Cassiodorus (Flavius Magnus Aurelius Cassiodorus Senator) (kăshōdō´rəs), c.485–c.585, Roman statesman and author. He held high office under Theodoric the Great and the succeeding Gothic rulers of Italy, who gave him the task of putting into official Latin their state papers and correspondence. These he later collected as Variae epistolae (tr. by Thomas Hodgkin, 1886). After retiring he founded two monasteries; in one of these the monks devoted leisure time to copying old manuscripts, which were thus preserved. Among Cassiodorus's works were his History of the Goths, preserved in the abridgment by Jordanes, and a treatise on orthography.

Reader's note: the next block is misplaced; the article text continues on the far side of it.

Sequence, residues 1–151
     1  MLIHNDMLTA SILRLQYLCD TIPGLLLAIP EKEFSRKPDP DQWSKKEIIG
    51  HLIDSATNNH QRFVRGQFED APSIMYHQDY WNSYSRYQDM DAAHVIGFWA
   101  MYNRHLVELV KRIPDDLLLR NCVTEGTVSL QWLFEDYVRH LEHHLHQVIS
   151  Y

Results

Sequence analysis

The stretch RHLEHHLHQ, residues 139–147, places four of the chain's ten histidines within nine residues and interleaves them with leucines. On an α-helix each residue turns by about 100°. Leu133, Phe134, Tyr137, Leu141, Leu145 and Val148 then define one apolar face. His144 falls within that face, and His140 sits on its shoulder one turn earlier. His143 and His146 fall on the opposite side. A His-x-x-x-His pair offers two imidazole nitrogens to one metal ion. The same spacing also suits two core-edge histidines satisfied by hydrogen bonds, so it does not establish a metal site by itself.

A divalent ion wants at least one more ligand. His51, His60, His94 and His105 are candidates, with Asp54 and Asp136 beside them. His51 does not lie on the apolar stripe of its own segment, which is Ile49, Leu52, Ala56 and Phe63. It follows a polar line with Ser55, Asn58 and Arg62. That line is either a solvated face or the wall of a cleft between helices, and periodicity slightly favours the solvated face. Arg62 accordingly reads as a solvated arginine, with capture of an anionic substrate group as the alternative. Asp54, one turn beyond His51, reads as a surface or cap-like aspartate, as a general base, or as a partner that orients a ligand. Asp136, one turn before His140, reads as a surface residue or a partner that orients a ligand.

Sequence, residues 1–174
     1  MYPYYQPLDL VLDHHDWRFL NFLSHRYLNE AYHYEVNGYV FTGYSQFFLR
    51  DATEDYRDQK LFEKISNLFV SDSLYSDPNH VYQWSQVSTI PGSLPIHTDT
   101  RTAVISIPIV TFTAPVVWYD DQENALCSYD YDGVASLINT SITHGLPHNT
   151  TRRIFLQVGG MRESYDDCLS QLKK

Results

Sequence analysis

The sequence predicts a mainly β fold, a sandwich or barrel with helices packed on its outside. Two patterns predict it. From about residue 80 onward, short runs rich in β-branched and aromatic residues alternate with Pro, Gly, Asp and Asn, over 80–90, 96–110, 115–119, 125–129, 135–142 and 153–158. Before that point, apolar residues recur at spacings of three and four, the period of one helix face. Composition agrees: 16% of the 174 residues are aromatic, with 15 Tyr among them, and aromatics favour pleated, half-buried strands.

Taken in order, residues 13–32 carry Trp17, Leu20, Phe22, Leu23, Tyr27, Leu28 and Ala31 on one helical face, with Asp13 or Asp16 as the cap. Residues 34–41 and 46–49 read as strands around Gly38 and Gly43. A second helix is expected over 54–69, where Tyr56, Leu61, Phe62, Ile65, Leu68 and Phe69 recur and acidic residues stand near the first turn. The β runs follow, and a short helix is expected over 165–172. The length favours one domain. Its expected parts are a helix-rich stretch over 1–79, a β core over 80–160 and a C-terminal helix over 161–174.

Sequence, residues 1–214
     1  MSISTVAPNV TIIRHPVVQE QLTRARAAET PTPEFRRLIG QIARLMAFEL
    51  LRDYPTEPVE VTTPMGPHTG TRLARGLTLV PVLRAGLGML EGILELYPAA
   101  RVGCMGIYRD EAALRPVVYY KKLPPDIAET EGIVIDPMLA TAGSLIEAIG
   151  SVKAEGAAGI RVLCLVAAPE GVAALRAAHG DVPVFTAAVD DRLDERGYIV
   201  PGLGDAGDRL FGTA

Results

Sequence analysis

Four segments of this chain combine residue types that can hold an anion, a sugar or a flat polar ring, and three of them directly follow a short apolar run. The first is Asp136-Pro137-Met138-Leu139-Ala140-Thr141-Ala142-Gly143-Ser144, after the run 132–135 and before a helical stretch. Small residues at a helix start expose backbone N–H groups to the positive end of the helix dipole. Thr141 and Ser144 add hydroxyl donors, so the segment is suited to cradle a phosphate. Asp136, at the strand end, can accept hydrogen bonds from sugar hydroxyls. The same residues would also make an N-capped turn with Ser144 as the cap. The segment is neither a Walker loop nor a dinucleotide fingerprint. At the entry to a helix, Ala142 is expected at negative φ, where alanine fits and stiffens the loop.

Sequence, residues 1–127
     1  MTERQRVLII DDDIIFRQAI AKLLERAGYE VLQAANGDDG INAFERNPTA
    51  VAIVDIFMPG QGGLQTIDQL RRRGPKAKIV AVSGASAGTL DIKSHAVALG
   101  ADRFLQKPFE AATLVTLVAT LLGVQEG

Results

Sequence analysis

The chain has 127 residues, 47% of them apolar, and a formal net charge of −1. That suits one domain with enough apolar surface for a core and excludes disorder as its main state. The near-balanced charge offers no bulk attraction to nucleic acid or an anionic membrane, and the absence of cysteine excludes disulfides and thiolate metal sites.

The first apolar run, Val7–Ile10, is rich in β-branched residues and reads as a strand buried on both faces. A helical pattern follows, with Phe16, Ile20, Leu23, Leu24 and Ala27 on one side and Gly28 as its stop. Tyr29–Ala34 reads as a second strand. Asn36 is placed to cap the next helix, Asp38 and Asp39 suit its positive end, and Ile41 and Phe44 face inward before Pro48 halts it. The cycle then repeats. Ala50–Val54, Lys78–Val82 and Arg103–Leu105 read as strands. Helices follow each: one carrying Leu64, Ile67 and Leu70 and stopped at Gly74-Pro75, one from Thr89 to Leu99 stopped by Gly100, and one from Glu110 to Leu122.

See J. J. O'Donnell, Cassiodorus (1979).
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"Cassiodorus." The Concise Oxford Dictionary of World Religions. . Encyclopedia.com. (September 23, 2018). http://www.encyclopedia.com/religion/dictionaries-thesauruses-pictures-and-press-releases/cassiodorus
"Cassiodorus." The Concise Oxford Dictionary of World Religions. . Retrieved September 23, 2018 from Encyclopedia.com: http://www.encyclopedia.com/religion/dictionaries-thesauruses-pictures-and-press-releases/cassiodorus